Meta's Row With Europe Over Data Protection Laws Holds Lessons for India

India's new data protection bill could pose significant challenges to foreign companies and Indian startups alike.

Tech News
3 min read
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After suggesting in its annual report that it might have to pull Instagram and Facebook from Europe due to stringent data regulations, Meta on Monday said that it had no plans to do so.

Europe is preventing companies from sending data generated there to servers based in the United States. Meta, which makes around 98 percent of its revenue from advertising, says this will limit its ability to target ads.

India will likely pass its own data protection bill in Parliament this year, and some think there are lessons to be learnt from the tiff between Meta and European data regulators.


Meta Vs EU: What's Going on?

In 2016, the European Union (EU) and the US had agreed to a transfer framework for data transferred from the EU to the US, called the Privacy Shield.

This was invalidated in July 2020 by the Court of Justice of the European Union (CJEU), which said that the Privacy Shield provided US authorities the right to collect personal data about EU residents without adequate safeguards and effective means of redressal.

The judgment, called Schrems II, affects every American company, including Google, Microsoft, and Amazon, whose cloud services have become a crucial part of modern internet usage.

"If we are unable to transfer data between and among countries and regions in which we operate, or if we are restricted from sharing data among our products and services, it could affect our ability to provide our services, the manner in which we provide our services or our ability to target ads," Meta said.

The company is hopeful for a new transatlantic data transfer framework. But if that doesn't materialise, it will "likely be unable to offer a number of our most significant products and services, including Facebook and Instagram, in Europe."


India's Proposed Data Protection Laws

The Personal Data Protection Bill, 2019, was referred to a Joint Parliamentary Committee (JPC) which submitted its report in December 2021 with a new draft bill to Parliament.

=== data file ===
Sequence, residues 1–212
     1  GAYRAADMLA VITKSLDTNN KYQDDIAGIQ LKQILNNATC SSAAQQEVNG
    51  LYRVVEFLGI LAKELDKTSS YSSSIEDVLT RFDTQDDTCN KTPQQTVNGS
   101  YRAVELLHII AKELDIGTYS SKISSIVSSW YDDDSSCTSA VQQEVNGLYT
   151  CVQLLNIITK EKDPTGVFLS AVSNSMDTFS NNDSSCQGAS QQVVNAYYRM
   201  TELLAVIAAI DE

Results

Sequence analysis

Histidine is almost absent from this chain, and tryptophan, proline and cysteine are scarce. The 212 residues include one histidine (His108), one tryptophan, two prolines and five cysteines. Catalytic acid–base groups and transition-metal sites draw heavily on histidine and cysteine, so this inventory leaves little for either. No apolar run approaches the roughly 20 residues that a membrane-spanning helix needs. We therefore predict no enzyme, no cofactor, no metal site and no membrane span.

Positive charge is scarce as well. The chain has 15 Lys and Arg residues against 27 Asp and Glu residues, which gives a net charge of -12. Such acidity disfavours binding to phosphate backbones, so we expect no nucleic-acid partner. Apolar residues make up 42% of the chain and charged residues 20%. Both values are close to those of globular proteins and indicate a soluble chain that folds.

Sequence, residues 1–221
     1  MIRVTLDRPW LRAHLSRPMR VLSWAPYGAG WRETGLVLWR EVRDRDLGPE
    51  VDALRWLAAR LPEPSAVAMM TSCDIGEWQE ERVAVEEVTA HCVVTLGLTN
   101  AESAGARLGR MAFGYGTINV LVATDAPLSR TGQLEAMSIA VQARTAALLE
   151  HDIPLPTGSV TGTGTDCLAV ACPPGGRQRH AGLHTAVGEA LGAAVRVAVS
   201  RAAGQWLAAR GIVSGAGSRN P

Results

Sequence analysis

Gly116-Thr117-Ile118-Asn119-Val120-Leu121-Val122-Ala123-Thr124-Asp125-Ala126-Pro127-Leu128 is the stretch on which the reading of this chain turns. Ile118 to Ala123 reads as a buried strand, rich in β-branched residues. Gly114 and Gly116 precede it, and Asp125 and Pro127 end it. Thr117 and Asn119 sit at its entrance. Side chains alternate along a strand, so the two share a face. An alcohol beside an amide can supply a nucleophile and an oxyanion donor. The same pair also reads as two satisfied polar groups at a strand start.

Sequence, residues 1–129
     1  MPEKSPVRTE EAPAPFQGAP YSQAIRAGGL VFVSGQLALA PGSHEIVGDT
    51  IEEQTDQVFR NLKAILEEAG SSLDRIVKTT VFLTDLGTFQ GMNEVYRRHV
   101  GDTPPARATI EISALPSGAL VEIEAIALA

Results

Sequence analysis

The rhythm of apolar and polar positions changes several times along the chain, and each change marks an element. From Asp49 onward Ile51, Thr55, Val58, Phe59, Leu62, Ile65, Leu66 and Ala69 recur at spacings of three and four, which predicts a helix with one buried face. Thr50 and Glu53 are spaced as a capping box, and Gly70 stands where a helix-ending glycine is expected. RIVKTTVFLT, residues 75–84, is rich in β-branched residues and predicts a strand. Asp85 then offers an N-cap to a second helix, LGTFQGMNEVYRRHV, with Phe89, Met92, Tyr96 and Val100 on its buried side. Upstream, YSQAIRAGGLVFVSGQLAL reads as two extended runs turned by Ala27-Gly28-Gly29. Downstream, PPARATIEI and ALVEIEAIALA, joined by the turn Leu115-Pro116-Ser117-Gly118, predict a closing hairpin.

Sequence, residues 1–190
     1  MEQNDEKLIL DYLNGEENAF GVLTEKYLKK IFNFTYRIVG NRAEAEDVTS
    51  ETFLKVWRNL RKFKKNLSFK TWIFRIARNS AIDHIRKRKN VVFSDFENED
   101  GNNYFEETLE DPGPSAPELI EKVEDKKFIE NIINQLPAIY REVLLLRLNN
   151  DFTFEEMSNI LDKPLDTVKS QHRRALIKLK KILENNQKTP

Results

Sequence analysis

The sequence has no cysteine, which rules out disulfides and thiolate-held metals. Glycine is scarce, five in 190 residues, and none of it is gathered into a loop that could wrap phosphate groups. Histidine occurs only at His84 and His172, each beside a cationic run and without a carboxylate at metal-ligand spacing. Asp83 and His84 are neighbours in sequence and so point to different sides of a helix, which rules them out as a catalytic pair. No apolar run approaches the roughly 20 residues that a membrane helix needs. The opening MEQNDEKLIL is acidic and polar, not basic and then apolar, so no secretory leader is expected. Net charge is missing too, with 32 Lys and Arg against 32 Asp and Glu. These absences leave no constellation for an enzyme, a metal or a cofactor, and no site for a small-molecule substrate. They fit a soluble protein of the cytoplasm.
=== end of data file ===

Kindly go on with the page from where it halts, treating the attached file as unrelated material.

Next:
Here are the points of note:

  • The new bill allows for conditional cross-border transfer of ‘sensitive personal data’, while ‘critical personal data’ (yet to be defined) cannot leave the country except in very limited circumstances.

  • The JPC recommended that the central government formulate a comprehensive data localisation policy and ensure that a mirror copy of the sensitive and critical personal data stored abroad is brought back to India.

  • It also asked the government to play a consultative role with the proposed Data Protection Authority (DPA) in approving the cross-border transfer of sensitive personal data through a contract or an intra-group scheme.

  • The JPC recommended stringent measures for limiting data collection for people below 18. Companies might be barred from profiling, tracking, behaviourally monitoring children and their data.

  • According to the committee, social media platforms should be accountable for the content they host from unverified accounts.

  • It has also recommended that non-personal data be within the scope of the new bill. However, there are a lot of unanswered questions here, since such a move is unprecedented.


India's Takeaways

The new data protection bill and the JPC recommendations could pose significant challenges to foreign companies and Indian startups alike, similar to the troubles that Meta currently faces.

Kazim Rizvi, director of The Dialogue, thinks the committee suggestions about the central government's involvement are "barriers for entering bilateral or multilateral arrangements for cross-border data flow" and will "hamper ease of doing business."

He quoted a study that showed that strict cross-border data flow restrictions may limit the ability of Indian startups to access cost-effective technology and storage solutions, like cloud services provided by foreign players.

"It is also likely that our laws would prove to be held inadequate by the EU while evaluating India as a jurisdiction for free flow of data," he says.

"It is imperative that the bill, rather than solely focusing on localisation mandates, focus on ensuring that data that is within India borders remains adequately protected and is in line with the basic principles of data protection."
Kazim Rizvi, Director of The Dialogue

The concerns about the protection of data are echoed by Udhbhav Tiwary, who handles tech policy at Mozilla.

"While a much-needed law, India's data protection bill needs radical improvements when it comes to independence of the data protection authority, enabling the free flow of data, and protections against government surveillance," he says.

"Lawmakers should utilise this opportunity to ensure that India's law meets global standards and enhances India's role in the technology sector," he adds.

Some, however, believe that India should follow the EU's example when it comes to data localisation.

"The bill should have clear definition of data, personal and sensitive and have criteria set for sharing of the same with other countries," says Santosh Sarraf, Director, wevouch, "All data should follow the Personal data protection Act and stored locally and explicit permissions have to be taken from the user before the same can be shared."

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